aurora borealis
All natural phenomena were explained as interactions between these Major and Minor Gods – Picture by Margerretta via

At some point, both the Force of Light and the Force of Dark noticed Alderthe in the battles and visited it. Soon, they planted their agents on the surface. The People of Light were found by the four Major Gods, and the population divided itself among the four Gods. After many years, the People of Light had become the Men, Dwarves, Alvings and Eleverors (Dutch: Elfenaren); four distinct peoples and cultures.

The People of Dark were less fortunate. They were left to their own devises for some time. A few were later found by malignant Minor Gods and turned into their playthings. These became the Orcs and Kobolds. Others roamed the lands until a chance encounter with the Minor God of Thunder inspired them to do great deeds and grow strong. These became the Giants. The remainder of the People of Dark never found a patron God, and grew predatory, near animalistic. These became the Aughisk.


I started on two novels set in the Alderthe setting and planned a third book. One was to be the collection of creation stories and the activities of the Gods. A Genesis of Alderthe. This one is pretty much finished.

The second one was a transcription of a travel report, as relayed by a geriatric man who claimed to be a thirty-something merchant who had an encounter with a mythical and long-deceased Dwarven king in a mysterious inn. It’s a frame story, containing five shorter stories told to the merchant by the Dwarven king relating the folklore of Alderthe. These stories would help the merchant grow into a better person, but also would aid the rest of his journey after the encounter at the inn, and relay important information to the Dwarves living in the settlement that was the merchant’s destination. I selected typical or medieval Dutch words and built stories around them. The novel’s title was De Sprookspreker, a word that has no translation but is a type of minstrel or storyteller.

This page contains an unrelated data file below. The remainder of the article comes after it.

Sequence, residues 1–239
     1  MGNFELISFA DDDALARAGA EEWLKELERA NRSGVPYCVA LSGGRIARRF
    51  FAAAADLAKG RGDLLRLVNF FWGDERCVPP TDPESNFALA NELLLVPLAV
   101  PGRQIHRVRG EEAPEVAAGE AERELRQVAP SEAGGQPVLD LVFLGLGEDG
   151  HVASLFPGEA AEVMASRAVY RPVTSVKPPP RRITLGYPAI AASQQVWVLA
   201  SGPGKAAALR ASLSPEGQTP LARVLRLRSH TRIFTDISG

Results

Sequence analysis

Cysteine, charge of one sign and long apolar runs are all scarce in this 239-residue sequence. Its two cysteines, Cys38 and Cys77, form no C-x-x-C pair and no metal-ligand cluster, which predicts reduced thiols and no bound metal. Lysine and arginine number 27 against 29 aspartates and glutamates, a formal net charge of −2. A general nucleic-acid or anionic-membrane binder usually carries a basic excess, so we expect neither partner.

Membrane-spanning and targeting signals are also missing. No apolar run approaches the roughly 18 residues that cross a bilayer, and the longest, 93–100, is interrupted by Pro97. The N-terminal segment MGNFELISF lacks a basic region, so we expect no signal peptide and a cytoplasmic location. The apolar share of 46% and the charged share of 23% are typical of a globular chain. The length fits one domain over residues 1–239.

Pictured: Sprooksprekers in a knight’s court hall (source)

The third one would then be a fellowship journal of the aforementioned returned legendary Dwarven King’s party. I intended it to contain only round characters: by giving every fellowship member complexity, a character arc, journey, success and failures, I wanted to omit flat characters. Also, one of the travellers is a traitor, and it was up to the reader to decide their identity.

The second novel won me a spot in the Masterclass given by award-winning author Annejet van der Zijl during her writer residency at the University of Groningen. I was runner-up during the friendly contest (but did get an honourable mention). I kept working on the novel after the Masterclass, until I got involved in the games industry.

That’s when I abandoned the world of Literature to fully focus on this game writing venture.

Turning Point

I began writing down some ideas for a strategy game in my mid-teens. Very rough ideas, based on some of the digital and board games that I played at the time (Age of Wonders, Heroes of Might and Magic III, Stratego Legends). I inserted the peoples of Alderthe into these concepts, which never became more than endless lists of factions and units. I never got around to designing any game mechanics, because I had no idea how to.